I waited with my float for our turn to depart down Oxford Street, the jubilance and excitement around me creating an energy in the air. It was one of defiance in being ourselves, in a world that still judges individuals harshly for being different, and of celebration as this was a party celebrating all of us.
This was my first time attending the Sydney Gay & Lesbian Mardi Gras. My first time being in the parade. I had never even watched it on TV. I had no idea what to expect. But I could feel the positivity running through me and everyone around me.
I was part of a float for Positive Life NSW, an organisation supporting those who have HIV. This is something close to my heart as HIV Positive person who has seen first hand how HIV can seemingly ‘ruined lives’ through the stigma in the community and in ourselves. Our float was intended to show that HIV is still out there, it’s manageable, and people with HIV can live happy, productive fabulous lives. It’s okay to be proud and to have HIV.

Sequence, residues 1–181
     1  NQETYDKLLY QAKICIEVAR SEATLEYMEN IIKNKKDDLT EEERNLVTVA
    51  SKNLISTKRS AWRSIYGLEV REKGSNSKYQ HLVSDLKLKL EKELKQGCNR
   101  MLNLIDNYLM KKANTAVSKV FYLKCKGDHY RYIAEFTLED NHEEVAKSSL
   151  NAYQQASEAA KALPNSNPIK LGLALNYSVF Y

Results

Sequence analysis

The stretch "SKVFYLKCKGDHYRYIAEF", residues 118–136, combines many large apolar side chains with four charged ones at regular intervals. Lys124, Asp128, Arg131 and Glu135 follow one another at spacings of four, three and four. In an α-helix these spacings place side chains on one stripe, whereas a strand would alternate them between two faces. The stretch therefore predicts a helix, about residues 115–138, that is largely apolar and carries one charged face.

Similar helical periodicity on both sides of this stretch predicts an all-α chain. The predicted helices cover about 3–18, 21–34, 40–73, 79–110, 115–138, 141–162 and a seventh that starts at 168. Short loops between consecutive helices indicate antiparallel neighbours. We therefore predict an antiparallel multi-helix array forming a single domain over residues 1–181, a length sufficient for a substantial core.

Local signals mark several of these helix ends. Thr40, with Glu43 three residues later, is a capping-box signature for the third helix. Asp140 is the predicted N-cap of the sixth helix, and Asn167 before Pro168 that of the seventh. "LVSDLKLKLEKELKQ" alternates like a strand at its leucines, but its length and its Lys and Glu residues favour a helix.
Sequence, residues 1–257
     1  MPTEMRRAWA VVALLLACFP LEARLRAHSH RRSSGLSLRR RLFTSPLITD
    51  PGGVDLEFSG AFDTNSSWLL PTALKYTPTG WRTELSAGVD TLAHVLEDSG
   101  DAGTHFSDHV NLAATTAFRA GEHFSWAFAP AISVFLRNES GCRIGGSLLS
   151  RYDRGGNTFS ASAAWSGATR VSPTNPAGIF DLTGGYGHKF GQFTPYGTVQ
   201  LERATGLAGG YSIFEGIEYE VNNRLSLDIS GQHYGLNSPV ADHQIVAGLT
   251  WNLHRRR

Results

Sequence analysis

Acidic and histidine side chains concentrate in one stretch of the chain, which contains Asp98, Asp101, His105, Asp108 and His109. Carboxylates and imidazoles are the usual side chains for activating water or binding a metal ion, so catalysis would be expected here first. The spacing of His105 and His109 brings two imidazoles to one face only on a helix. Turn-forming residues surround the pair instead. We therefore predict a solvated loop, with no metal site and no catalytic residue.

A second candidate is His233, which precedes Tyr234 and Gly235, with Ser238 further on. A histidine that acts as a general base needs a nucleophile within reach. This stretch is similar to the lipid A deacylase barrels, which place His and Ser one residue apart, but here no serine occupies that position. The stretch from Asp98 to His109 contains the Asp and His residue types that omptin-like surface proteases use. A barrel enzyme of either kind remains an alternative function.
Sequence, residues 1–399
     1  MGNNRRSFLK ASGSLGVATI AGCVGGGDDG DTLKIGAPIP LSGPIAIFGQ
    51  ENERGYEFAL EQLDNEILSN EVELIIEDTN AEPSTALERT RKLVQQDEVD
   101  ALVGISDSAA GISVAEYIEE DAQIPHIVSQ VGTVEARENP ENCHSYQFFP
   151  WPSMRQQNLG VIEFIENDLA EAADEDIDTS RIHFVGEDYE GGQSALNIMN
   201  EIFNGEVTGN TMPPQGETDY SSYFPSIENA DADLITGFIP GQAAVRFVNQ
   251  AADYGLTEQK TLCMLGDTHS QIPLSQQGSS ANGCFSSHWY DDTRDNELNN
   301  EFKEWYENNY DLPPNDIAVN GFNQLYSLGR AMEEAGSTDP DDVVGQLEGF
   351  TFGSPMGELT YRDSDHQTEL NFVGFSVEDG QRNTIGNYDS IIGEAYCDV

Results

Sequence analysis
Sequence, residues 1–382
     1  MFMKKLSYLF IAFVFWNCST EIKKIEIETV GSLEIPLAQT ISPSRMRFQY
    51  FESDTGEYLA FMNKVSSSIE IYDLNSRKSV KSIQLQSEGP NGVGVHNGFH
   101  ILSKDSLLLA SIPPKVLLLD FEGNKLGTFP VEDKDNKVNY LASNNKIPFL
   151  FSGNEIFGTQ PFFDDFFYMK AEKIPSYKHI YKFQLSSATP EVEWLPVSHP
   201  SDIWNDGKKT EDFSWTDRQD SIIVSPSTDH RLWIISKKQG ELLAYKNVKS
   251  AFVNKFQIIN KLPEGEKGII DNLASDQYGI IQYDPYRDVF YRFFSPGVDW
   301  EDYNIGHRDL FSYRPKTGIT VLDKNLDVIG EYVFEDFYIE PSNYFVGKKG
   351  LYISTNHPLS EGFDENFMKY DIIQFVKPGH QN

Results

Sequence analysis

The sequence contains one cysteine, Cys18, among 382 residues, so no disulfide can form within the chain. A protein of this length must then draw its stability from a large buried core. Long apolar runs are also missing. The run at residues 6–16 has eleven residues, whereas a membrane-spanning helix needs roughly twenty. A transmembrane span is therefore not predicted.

But, I soon found myself there for an entirely different reason.
As the ’78ers departed in from of me, sitting and standing on the roof of a bus, I noticed their faces. Many were happy, many proud. Some were overwrought with emotion at what they had started almost 40 years ago had grown into what it had. Suddenly I realised. What had become a march for LGTBIQ pride became a march for my pride. I was proud of my openness and acceptance of myself. I’d never before let myself feel this way – being afraid of indulging in narcissism. But heck, I was proud. So very very proud.
As our float left, and I held our Positive Life NSW banner along with two others, and the crowd cheered and clapped I knew what I had been working towards in the past year and a bit. I was finally not only okay with who I was, I was proud of who I was. Proud of my mistakes, proud of my successes, proud of my fortitude.
As we paraded along Oxford Street, I got more and more comfortable with this new feeling and I began to encourage the crowd along with others in the float. I no longer cared if I looked silly, if I was judged, if there were those who were uncomfortable with being HIV Positive and happy.
We must have only walked for less than an hour but it felt like an eternity. At eternity that will forever be etched into my sense of self.
I can’t wait to be a part of it again next year – whether as spectator or as part of a float.